1099-K from ebay for 2022

https://www.ebay.com/help/selling/fees-credits-invoices/ebay…

What the heck! The IRS is making ebay, etc, send 1099-K’s this year for any total sales over $600 instead of the $20K last year?!
Does that mean we need to pay income tax on that?
Would I have to do a schedule C in order to enter expenses (like the cost of buying the item I’m selling) to offset the gross amount?

Thanks,
RB

What the heck! The IRS is making ebay, etc, send 1099-K’s this year for any total sales over $600 instead of the $20K last year?!

Here’s what eBay says https://pages.ebay.com/seller-center/service-and-payments/20…

- Starting on Jan 1, 2022, eBay and other marketplaces are required by the IRS to issue a Form 1099-K for all sellers who receive $600 or more in sales.
- The new tax reporting requirement will impact your 2022 sales and taxes that you file in 2023—it will not apply to your 2021 sales and taxes that you file in 2022. Throughout 2022, look for updates from us that will help explain what’s changed and what you need to do next.
- If you haven’t already given us your Social Security number (SSN) or Individual Tax Identification Number (ITIN), we’ll ask you to provide it once you reach $600 in sales.
- No need to worry— you only pay taxes on profits. You won’t owe any taxes on something you sell for less than what you paid for it. For example, if you bought a bike for $1,000 last year and then sold it on eBay today for $700, that $700 you made would generally not be subject to income tax.
- While eBay is unable to give tax advice to our sellers, we want to help make dealing with taxes as easy as possible. Our goal is to help all sellers, casual or those selling as a business, with these new requirements.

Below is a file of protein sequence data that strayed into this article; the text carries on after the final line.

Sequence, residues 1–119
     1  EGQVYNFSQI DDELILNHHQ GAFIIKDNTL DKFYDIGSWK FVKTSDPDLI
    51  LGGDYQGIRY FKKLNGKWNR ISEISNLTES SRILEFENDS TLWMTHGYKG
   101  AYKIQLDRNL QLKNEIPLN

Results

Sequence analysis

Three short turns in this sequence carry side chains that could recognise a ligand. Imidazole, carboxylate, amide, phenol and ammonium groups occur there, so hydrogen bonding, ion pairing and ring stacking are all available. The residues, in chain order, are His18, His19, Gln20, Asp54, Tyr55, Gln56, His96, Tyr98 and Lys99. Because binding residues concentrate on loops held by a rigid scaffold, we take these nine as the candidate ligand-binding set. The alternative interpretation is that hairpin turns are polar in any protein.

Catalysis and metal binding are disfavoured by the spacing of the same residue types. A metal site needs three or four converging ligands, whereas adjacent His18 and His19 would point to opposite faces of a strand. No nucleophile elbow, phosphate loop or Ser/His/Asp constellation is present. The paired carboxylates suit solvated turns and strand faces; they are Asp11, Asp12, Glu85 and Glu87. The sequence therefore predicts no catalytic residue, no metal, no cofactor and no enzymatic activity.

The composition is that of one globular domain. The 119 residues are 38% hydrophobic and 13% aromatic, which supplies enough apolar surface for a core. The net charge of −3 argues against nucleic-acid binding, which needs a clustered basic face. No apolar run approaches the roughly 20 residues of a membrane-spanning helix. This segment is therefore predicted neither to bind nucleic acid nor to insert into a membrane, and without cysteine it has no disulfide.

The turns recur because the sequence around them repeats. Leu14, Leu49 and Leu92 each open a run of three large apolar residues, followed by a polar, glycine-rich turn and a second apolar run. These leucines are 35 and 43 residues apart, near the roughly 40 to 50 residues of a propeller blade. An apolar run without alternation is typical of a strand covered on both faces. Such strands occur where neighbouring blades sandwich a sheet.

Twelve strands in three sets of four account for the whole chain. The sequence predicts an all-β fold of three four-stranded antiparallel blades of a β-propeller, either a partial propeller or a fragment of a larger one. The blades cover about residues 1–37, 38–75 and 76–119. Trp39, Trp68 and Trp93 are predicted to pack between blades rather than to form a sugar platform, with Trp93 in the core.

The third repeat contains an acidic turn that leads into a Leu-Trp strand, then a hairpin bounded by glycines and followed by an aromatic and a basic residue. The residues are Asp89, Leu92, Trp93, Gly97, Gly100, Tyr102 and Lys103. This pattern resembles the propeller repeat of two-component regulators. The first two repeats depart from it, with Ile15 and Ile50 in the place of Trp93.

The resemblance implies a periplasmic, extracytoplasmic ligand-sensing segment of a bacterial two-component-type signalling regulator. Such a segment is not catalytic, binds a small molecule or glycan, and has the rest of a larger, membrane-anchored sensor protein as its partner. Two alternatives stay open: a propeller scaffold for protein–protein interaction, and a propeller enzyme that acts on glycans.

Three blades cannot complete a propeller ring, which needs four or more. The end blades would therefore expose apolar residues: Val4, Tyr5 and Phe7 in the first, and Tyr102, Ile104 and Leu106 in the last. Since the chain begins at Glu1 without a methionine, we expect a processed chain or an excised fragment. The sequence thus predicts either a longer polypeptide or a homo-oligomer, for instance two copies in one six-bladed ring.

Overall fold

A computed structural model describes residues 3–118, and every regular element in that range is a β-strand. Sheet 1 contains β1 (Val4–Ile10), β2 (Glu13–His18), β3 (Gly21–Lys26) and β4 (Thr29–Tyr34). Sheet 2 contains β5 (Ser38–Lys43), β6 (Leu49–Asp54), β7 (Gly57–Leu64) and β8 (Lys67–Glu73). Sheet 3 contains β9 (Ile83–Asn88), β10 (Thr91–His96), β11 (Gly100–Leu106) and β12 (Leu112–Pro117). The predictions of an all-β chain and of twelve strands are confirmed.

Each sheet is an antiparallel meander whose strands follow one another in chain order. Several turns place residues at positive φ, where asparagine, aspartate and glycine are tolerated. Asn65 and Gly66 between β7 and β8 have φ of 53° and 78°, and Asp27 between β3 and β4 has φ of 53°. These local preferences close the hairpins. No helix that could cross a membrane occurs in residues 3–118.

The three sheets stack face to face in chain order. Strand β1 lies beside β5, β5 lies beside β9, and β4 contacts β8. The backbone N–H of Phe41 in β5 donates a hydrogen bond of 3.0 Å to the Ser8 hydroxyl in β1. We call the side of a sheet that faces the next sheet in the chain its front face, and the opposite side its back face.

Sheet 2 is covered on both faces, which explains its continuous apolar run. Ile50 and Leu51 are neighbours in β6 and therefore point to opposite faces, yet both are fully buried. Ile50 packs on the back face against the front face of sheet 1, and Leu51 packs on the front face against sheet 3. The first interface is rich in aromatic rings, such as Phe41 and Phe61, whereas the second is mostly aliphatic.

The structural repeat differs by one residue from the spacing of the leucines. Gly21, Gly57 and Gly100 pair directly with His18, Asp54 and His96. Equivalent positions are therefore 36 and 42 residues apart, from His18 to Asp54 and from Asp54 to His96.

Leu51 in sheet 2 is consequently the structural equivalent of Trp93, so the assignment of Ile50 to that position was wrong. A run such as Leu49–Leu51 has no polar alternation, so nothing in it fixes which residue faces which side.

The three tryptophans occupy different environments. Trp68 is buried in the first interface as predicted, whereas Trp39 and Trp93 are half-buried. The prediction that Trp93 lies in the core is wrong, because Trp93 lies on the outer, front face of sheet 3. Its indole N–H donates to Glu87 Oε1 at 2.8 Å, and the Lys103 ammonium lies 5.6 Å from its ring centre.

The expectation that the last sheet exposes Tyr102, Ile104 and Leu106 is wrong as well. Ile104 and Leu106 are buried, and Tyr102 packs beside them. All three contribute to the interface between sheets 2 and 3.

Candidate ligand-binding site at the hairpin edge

Does that mean we need to pay income tax on that?

Yes, but as eBay says you only pay taxes on profits. I will point out that if you have been profiting by selling on eBay, you should have already been declaring that income and paying taxes on the profits. So it appears in your case that the new law will achieve the desired outcome of bringing some of the underground economy above ground.

I will also point out that you may have been missing out on opportunities to fund a tax-advantaged retirement account with profits from your eBay business.

Would I have to do a schedule C in order to enter expenses (like the cost of buying the item I’m selling) to offset the gross amount?

Yes, Schedule C would be the appropriate form.

AJ

13 Likes

No, I’m not making profit. I’m losing money. I just wanted to know if there was a way to claim the loss (or no profit at least) without Sch C. Now I’ll have to track it all, etc. Frankly I was just quitting my long-term Sch C business and was hoping I was done with Sch C’s! Now the very first year I wouldn’t have had to do one, I have to do one anyway!

So, since selling on ebay isn’t much different than a yard sale, I guess people are missing out on claiming losses on Sch C when they have a yard sale, eh?!

One problem is that if you claim a loss on Sch C every year, year after year, due to selling on ebay or a yard sale, etc, that raises a red flag, no?

No, I’m not making profit. I’m losing money. I just wanted to know if there was a way to claim the loss (or no profit at least) without Sch C.
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One problem is that if you claim a loss on Sch C every year, year after year, due to selling on ebay or a yard sale, etc, that raises a red flag, no?

So are you selling items that you/your family have personally used, or is it a business? If you are selling personal items, then here’s what you need to understand from IRS Pub 525 https://www.irs.gov/pub/irs-pdf/p525.pdf

Sale of personal items. If you sold an item you owned for personal use, such as a car, refrigerator, furniture, stereo, jewelry, or silverware, your gain is taxable as a capital gain. Report it as explained in the Instructions for Schedule D (Form 1040). You can’t deduct a loss.